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Last week hundreds of people gathered in Arizona to protest record-high levels of deportations from the US this year.  Activists shut down Operation Streamline by chaining themselves to buses carrying


Last week hundreds of people gathered in Arizona to protest record-high levels of deportations from the US this year.  Activists shut down Operation Streamline by chaining themselves to buses carrying detainees and to the Eloy Detention Center entrance, where detainees are held.  Operation Streamline is a federal Immigration and Customs Enforcement (ICE) policy that requires undocumented immigrants to be arrested and then deported.

The activists are demanding action from President Obama, who has executive power to stop deportations, and Congress. Comprehensive immigration reform was assembled by the bipartisan Gang of 8 and passed in the Senate but has stalled in the House. Obama said Tuesday that immigration is his top priority after the shutdown is resolved.

ICE contracts with Corrections Corporation of America to run Eloy in Arizona.  According to CCA’s 2012 Annual Report, the company earned $752 million from its federal government contracts (including ICE, the Bureau of Prisons and the US Marshals Service) that year, constituting 43% of its total income.

CCA stands to gain or lose significantly from national immigration reform and it is attempting to influence the process in the usual corporate way, by spending millions on lobbyists and campaign contributions.  Earlier this year, The Nation conducted an excellent investigation into the cash passed between CCA and the Gang of 8.

CCA acted similarly a few years ago in Arizona to influence the state’s controversial SB-1070, a harsh enforcement law that would likely create more detainees in need of a bed at Eloy.  In 2008, former Arizona Senator Dennis DeConcini joined CCA’s Board of Directors, while former Arizona legislative staffer John Malloy was brought on to support former Arizona legislative staffer Brad Regens with “partnership relations” at CCA.  The law was signed in 2010 by Governor Jan Brewer, who had a couple of staffers take the revolving door out of her office and into lobbying firms hired by CCA.

I put all of that analysis together on LittleSis and found a tangled web of political and family connections that stretch from Phoenix to DC.  It seems that CCA has hired lobbyists in Arizona and gained influence in Washington at the same time – a 2-for-1 special!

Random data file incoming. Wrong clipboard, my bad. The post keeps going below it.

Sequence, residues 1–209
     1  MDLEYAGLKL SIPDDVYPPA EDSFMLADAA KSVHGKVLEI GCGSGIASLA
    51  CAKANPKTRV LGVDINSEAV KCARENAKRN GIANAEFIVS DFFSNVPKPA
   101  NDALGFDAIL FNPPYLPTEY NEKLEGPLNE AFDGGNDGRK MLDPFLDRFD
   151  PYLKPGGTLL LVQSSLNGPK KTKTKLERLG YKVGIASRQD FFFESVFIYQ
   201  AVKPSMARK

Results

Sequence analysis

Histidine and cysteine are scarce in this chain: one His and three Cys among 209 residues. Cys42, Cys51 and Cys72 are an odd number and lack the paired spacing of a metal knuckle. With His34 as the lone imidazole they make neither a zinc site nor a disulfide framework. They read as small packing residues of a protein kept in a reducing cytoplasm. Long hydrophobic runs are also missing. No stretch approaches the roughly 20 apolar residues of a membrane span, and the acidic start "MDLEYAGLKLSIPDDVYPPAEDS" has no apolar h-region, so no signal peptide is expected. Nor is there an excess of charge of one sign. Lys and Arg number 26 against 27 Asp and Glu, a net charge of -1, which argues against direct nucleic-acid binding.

At the center of CCA’s web is Paul Senseman, who’s passed through the revolving door between government and lobbying three times.  He began his career in the office of Senator John McCain, a prominent Gang of 8 member.  McCain has been a vocal supporter of expanding Operation Streamline in reforming immigration.  Senseman later served as Chief of Staff to the late Arizona State Senator Jake Flake whose nephew is Senator Jeff Flake,* another Gang of 8 member.  In 2003, Senseman joined the Policy Development Group and lobbied on behalf of CCA within Arizona.  He left the firm in 2009 to join Governor Brewer’s office as Deputy Chief of Staff for Communications, but his wife, Kathy Senseman, was hired on to continue lobbying for CCA.

Senseman left Brewer’s office in 2011 and returned to his post at the Policy Development Group, where he and his wife both currently lobby for CCA.  Senseman retained a role with Brewer as her PAC spokesman, however.  The governor’s Jan PAC spent $100,000 on a mailer supporting Senator Jeff Flake in October 2012 and Senseman explained why: “She is very fond of Congressman Flake (and) believes his record and his approach to problem solving is exactly what we need in Washington, D.C.”

Other lobbyists for CCA at the Policy Development Group also arrived through the revolving door from the offices of US Senators.  Troy Corder worked for Senator McCain.  Andy Jacobs and Todd Baughman both worked for former Senator John Kyl, who retired at the end of his third term in 2013.

CCA has often insisted that it does not lobby on immigration law even though its business model is largely predicated on the continued detention of undocumented people.  I can think of one way to influence influence immigration reform without explicitly “lobbying”: hire a few state-level lobbyists with connections to two of the most prominent Senators in the debate.  Maybe they’ll put in a good word.

*Fascinatingly, both Jake and Jeff Flake were born in an Arizona town called “Snowflake.”